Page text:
Surviving Charlie the yellow lab
By Joel McNeece
He has ears softer than a brand new Teddy bear. His cool nose pressed against your cheek forces you to give in to his demands for a hug, and those eyes, his big, puppy eyes will cause you to melt on the spot.
How can something so irresistibly cute and cuddly, with an ever-so-brief turn of your back, transform into a menace capable of turning a house inside out — literally.
Introducing Charlie McNeece, the prettiest yellow lab you’ve ever laid eyes on who I described as having won the lottery in this very column when we brought him home last July.
That hasn’t changed. He’s still an overwhelming winner. I just missed the part of how much I would lose.
Step-daughter Jo Ellen text me a picture Monday afternoon of the giant new dog bed my wife Lisa bought for no longer little Charlie. It was at the back door. “I think he was taking it outside,” Jo Ellen said.
He no doubt would have succeeded had she not interrupted. Seemingly everything else from the house has ended up outside at some point, and what should be outside has been brought inside, such as every piece of wood out of the log rack for the fire pit, vinyl siding that was stored under the shed, flower pots and a few shrubs Charlie obviously didn’t care for their placement in the flower bed.
I didn’t think we could ever have another Jack. He is our now 11-year-old yellow lab who loves to lie at your feet and occasionally get his head rubbed. There are few things in life better than an old dog.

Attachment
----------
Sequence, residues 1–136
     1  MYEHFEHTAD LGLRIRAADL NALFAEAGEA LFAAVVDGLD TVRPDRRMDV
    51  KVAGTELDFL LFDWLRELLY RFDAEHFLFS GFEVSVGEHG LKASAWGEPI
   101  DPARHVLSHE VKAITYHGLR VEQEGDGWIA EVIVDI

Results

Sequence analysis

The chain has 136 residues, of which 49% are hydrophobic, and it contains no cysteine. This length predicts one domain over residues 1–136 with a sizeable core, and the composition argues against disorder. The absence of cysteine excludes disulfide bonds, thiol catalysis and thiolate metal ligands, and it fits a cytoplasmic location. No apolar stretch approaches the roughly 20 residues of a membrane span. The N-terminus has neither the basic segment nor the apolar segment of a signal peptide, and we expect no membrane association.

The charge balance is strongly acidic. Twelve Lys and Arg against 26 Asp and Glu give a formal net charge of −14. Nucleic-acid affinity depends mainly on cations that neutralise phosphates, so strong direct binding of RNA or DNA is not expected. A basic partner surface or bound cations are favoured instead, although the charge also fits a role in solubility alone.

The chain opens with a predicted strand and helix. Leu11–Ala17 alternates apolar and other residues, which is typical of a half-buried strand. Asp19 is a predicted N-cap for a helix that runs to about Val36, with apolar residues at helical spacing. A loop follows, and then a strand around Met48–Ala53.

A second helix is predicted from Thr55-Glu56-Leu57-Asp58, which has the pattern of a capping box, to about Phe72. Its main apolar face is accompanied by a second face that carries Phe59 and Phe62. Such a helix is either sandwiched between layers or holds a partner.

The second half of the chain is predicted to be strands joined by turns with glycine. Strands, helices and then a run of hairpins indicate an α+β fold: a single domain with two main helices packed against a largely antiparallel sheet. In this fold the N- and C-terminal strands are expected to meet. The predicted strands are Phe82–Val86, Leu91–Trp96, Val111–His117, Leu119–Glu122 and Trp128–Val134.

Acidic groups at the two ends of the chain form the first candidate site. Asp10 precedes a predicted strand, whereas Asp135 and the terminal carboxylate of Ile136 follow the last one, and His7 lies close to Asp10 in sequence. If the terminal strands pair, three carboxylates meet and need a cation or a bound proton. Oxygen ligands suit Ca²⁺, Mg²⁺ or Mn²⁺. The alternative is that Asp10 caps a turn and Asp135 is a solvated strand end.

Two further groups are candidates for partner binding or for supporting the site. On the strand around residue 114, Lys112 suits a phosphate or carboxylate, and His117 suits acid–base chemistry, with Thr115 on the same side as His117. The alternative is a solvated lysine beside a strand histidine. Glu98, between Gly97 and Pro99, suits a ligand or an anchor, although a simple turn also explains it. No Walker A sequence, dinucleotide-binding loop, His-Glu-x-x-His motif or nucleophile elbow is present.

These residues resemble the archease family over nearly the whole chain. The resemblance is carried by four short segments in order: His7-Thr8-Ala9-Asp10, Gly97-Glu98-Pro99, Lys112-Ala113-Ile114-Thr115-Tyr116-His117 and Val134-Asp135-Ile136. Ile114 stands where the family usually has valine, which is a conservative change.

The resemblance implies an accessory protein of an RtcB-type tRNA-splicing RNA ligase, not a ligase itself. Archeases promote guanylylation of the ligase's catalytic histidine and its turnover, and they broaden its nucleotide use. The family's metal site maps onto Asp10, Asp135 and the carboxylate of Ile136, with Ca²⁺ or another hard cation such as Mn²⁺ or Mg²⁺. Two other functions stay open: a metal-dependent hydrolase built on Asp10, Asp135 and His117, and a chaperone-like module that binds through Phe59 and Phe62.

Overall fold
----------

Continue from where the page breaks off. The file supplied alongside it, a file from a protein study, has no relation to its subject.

I was trying to remember how bad Jack really was when I looked up a column I had written in 2007.
“Many days I arrive home from work to find pillow stuffing in every room of the house. We’ve been through at least four remote controls that were chewed to smithereens. Leaving the closet door cracked is a colossal mistake. You will find one of your shoes hours later in a corner of the house, if still wearable, it’s at best a bit mangled and quite soggy. When doing laundry, we can’t leave the next load of clothes for the washing machine lying in the floor. I’ve lost several shirts that way. Jack likes to stand on them and grab a mouthful and jerk upwards. The ripping sound seems to really excite him.”
Charlie loves that “ripping” sound just as much. He would more likely, however, carry the shirts outside and run through every mudhole, then charge back into the house and race to the couch, bed or cleanest rug and rip the shirts up then. All while Jack just lies there and watches, occasionally throwing in a few barks to try and alert someone “Little Charlie” is at it again.
When it was Jack causing all the mischief, we had an old black lab, Daisy, and old border collie, King, that were equally befuddled. They barked at Jack a lot more than he shouts at Charlie.
Come to think of it Daisy and King were a pair of trouble makers when they were young, and our older yellow labs, Chandler and Carter, put up with them.
Charlie will eventually out grow this need to destroy everything as well, I just hope we still have a house standing when he does.
Joel McNeece is publisher of The Calhoun County Journal in Bruce. You may email him at firstname.lastname@example.org.